We have decided not to get a car here in Abu Dhabi. At first, it was for practical reasons. Why get a car when taxis are (supposedly) readily available and quite affordable? It seemed like short-term, it wasn't a good use of resources.
But now, the reason we won't get a car is the traffic.
Imagine an entire city populated by 16-year-old boys who have just received their licenses and are driving SUVs. Now you can begin to picture Abu Dhabi. Drivers give no quarter. They are extremely aggressive. The goal is to be the first one to the next light. And then there's the honking. You honk if the person in front of you stops too quickly (nevermind that you are the one tailgating). You honk if someone doesn't go *before* the light changes. You honk if you even suspect someone might want to get into your lane. Sometimes, there is no obvious reason for the honking.
Presumably all the drivers here have driven in their home countries. Presumably, too, the rules of the road are similar. Yet most other countries do not have the reputation for dangerous roads that the UAE has.
The blocks here are very long, and there is often no way to cross except at the light. This makes jaywalking desirable, and terribly dangerous. To thwart jaywalkers, the traffic authority has placed wrought iron barriers with pointy tops along the medians, to keep people from crossing the median on foot. But in the places where one is allowed to cross freely, there are always people darting across the road. And I swear drivers speed up when they see pedestrians, just so they can swerve and honk. It's crazy. And as traffic backs up, it is common for pedestrians to try to cross between cars. Most of the major streets are four lanes on each side, so it's kind of tricky to cross, even when the cars are stopped.
And because the blocks are long, the only way to get to the other side is to make a U-turn. U-turns are very big here. And it makes crossing against the light especially dangerous. So when crossing, you have to look out for the right-hand turners as well as the U-turners. The crossing light, in theory, saves you from the U-turn drivers. But you're on your own for the right-hand turners.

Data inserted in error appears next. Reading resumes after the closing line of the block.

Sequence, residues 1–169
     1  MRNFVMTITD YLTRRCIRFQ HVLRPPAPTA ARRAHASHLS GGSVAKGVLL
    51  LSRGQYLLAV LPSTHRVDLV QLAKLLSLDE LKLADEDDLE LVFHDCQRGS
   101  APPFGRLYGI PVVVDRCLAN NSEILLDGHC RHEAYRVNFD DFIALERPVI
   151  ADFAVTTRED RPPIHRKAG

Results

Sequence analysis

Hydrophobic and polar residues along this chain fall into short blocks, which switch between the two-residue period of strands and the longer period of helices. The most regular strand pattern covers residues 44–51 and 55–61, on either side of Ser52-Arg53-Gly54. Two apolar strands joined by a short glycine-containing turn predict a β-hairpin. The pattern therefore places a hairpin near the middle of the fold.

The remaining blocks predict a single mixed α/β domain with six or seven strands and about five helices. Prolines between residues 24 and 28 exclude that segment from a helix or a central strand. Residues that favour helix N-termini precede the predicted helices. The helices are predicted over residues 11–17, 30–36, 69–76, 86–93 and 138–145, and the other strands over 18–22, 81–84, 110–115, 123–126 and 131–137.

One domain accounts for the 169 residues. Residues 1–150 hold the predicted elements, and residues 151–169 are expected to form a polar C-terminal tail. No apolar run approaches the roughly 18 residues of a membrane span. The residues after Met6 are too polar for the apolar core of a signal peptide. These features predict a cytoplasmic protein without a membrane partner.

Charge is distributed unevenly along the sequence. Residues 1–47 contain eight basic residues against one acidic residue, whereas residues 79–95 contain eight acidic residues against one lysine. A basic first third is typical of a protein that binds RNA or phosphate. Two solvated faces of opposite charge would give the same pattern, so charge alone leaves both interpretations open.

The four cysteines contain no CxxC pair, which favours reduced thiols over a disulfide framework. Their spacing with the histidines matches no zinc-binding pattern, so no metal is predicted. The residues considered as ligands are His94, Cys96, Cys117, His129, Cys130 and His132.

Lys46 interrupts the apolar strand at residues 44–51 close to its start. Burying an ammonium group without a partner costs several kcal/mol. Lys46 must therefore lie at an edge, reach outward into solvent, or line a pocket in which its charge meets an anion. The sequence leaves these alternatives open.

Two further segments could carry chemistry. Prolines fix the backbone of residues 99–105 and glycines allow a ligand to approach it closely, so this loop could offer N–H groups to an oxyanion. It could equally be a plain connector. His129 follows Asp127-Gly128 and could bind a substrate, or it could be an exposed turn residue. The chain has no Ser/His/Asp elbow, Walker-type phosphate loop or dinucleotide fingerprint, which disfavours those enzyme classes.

There are merge lanes on the right side of the road where the side streets intersect. In most of Europe, the traffic on the right has the right of way. That never happens here. It is not unusual for two cars to try to turn right at the same time. And then, for some inexplicable reason, they stop dead. Drivers don't wait until the way is clear, and they don't go fast enough to get out ahead of the oncoming cars. On the other hand, you will never see an oncoming car slow to let the merging car in. He will always speed up.
Paul says it's clear the taxi drivers do not own their cars, because they abuse the transmissions by going into overdrive between lights *my brother-in-law Alan says the proper term is "kickdown."
And the other reason not to have a car is parking. That is truly something to see. There are parking areas between the main streets and behind the buildings and shops. Cars park diagonally, as in a normal lot. But cars also parallel park in the middle, between the two diagonal lanes. And sometimes there is a double line of parallel parked cars, making passing quite difficult. This does not keep people from using the parking lots as streets, either.
The whole thing makes driving in Italy, or New York City, or even Hong Kong, look like child's play.
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